Which is why placing a profit-seeking entity in control of managing personal health care seems so fishy to me. (Yes, I do mean management under a private insurance paradigm, as in an HMO.) It may be true that a governmental bureaucrat has no financial incentive to give me good coverage or care, but said bureaucrat also lacks a direct financial incentive in seeing I get no care at all. Given that we should not rely on the benevolence of market actors for the provision of services, or even the ethicality of actors, I think it strange that such a direct incentive to harm should be tolerated. More examples here.

I respect that markets are good at optimizing within a parameter space, but they can be notoriously bad with moral goods (ex: prostitution) and other situations of perverse incentives (pun intended.) Is this really the best route in your eyes, TH?  

By Blogger Donna B., at Thu Aug 13, 06:43:00 AM:

We are all, in some sense, in the final weeks of our lives. Just how long before she died was this hip replacement?

A diagnosis of cancer is not an automatic death sentence.

What Obama statement actually does is accuse the doctor and hospital who did the hip replacement of unethical behavior, possibly malpractice.

Unless... you know the hip replace was done in the last 112 weeks or so of her life.  

By Anonymous Daran, at Thu Aug 13, 08:17:00 AM:

An elderly acquaintance of my parents recently broke her hip. Due to various other issues her life expectancy was already below 6 months, and an operation would likely shorten that.
Otoh if she wasn't operated she would probably spend the last six months in excruciating pain and under heavy sedation.

Together with the doctor she decided to be operated and her last few months were relatively pleasant.  

By Anonymous WLindsayWheeler, at Thu Aug 13, 08:39:00 AM:

In this article, a Prof. OKIMOTO writes that America's debt is 53 Trillion dollars! 53 Trillion! To wit:

"By the end of 2007, total US debt had risen to $53 trillion, or nearly four times the size of America’s annual economic output."

from: The Financial Crisis and America's Capital Dependence on Japan and China

He writes:

"In the system of mercantilist finance, the US has run amuck, ringing up record levels of national debt."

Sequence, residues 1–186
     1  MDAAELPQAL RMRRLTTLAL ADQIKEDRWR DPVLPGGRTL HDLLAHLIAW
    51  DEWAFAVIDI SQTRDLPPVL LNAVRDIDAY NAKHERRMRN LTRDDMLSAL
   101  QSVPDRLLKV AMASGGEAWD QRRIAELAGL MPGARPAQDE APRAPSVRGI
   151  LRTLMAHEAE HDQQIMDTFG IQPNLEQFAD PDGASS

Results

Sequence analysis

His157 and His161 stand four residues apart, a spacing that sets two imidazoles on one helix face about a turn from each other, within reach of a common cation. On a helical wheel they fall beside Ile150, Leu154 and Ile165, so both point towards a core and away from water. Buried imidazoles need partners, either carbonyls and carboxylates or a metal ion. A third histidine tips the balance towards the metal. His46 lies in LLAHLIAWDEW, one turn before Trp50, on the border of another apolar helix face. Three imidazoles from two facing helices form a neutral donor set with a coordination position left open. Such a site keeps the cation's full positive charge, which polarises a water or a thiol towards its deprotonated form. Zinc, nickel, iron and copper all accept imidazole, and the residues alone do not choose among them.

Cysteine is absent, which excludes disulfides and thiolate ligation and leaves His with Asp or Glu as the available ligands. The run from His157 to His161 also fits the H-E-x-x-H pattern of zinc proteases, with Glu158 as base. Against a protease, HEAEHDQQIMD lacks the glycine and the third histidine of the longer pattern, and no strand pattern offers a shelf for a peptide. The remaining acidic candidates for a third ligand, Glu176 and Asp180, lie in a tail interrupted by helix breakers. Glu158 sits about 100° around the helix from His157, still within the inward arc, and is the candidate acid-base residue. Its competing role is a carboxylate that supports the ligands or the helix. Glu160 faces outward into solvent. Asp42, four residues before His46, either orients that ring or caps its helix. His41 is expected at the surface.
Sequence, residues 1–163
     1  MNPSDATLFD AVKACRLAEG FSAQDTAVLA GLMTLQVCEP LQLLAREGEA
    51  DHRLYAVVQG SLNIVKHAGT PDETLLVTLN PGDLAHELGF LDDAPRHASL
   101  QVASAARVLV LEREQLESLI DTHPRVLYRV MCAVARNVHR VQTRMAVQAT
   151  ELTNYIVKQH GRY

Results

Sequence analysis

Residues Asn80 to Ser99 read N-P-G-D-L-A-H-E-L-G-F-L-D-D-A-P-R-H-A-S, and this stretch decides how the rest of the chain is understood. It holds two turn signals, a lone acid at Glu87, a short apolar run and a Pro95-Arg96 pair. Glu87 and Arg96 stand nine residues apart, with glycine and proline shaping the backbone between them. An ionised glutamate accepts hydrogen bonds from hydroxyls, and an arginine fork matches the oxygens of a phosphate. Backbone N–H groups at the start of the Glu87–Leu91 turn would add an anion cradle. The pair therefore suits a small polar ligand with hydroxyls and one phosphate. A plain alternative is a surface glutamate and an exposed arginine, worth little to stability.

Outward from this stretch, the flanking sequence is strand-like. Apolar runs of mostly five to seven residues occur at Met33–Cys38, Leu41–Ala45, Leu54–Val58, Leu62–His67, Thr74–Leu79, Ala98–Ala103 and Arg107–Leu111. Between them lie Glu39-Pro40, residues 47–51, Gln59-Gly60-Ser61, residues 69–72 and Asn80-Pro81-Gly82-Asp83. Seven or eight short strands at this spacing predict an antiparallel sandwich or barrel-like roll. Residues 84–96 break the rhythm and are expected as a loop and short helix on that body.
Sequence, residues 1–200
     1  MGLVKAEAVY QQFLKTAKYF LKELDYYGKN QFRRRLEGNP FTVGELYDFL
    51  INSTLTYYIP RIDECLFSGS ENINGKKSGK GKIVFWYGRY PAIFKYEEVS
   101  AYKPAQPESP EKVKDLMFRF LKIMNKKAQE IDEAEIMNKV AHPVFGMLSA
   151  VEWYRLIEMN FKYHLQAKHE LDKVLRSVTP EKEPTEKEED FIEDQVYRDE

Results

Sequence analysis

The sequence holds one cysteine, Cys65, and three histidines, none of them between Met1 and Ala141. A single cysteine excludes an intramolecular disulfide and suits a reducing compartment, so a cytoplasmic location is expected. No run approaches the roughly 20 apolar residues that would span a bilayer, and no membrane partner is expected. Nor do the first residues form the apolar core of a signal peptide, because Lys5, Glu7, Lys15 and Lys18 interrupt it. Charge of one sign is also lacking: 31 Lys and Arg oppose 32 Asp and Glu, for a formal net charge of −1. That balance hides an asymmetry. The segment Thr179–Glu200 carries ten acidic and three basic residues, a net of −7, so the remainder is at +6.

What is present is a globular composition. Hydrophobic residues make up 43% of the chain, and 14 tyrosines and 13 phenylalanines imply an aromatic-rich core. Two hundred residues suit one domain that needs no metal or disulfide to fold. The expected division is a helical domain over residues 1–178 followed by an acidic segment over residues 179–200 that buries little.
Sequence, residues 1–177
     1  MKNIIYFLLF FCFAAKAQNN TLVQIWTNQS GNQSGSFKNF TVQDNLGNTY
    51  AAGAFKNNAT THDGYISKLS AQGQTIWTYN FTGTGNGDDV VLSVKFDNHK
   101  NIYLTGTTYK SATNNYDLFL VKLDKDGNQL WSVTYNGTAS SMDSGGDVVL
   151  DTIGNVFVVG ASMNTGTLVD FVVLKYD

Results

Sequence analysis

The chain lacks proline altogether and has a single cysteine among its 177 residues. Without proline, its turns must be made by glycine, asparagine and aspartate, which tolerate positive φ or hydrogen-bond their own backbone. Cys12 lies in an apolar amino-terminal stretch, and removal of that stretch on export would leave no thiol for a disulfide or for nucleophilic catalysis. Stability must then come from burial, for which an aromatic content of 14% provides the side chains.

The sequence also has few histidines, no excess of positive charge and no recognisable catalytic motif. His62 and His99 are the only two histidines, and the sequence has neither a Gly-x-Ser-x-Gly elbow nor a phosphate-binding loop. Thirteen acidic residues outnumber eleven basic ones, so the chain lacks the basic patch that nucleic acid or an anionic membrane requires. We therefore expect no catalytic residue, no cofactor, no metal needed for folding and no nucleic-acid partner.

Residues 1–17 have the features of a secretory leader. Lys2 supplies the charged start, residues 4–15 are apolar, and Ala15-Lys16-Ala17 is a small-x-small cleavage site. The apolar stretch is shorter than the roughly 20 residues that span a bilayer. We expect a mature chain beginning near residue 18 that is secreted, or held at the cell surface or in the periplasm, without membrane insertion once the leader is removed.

America is a loose cannon. It's spending is 71% of US GDP. It's financial derivatives market and its financial "wizards" have created 694 TRILLION of CDS, 10 times the total Worlds GDP.

This is disgusting in more ways than one. Americans think they live in Lulu land. Americans think they just have to have health care as a "right". While they are doing innumerable damage to the economy, to the world's economy and to their grandchildren. Their wish to live forever. America is a land of children. And the total lack of responsibility, duty, prudence and consignment to fate shows the infantile character of the American people.

The CBO has announced that Federal Spending is UNSUSTAINABLE! Unsustainable. Yet, we are proceeding full speed ahead. The only logical conclusion is that the American people have lost their minds.  

By Anonymous Anonymous, at Thu Aug 13, 09:48:00 AM:

The premise the Democrats use is that private oligopolies control the insurance market, and that consumers are underserved. I think that basic premise is true. The interesting question is why is that the situation we are in and what should we do about it. In Pennsylvania, Congressman Joe Sestak(D) said today on FOX, there are two insurance companies selling coverage to small and medium sized companies. I don't find that number as surprising as you may find it, since here in Maryland, we have only three possible suppliers. That's all. The coverage they can sell is mandated in detailed form by the state legislature, and the prices they offer are essentially identical. The legislature for whatever reason heavily restricts other companies from selling here or offering varieties of coverage.

Other forms of insurance are readily available in Maryland. I can buy auto insurance from tens or even hundreds of companies, over the internet. Prices are all over the map. Life insurance is available from local agents, from banks, from all over the place.

These are all heavily regulated markets, but they are regulated in such a way as to promote consumer choice, ready access, and a plethora of suppliers. Health insurance has been regulated to produce the opposite result.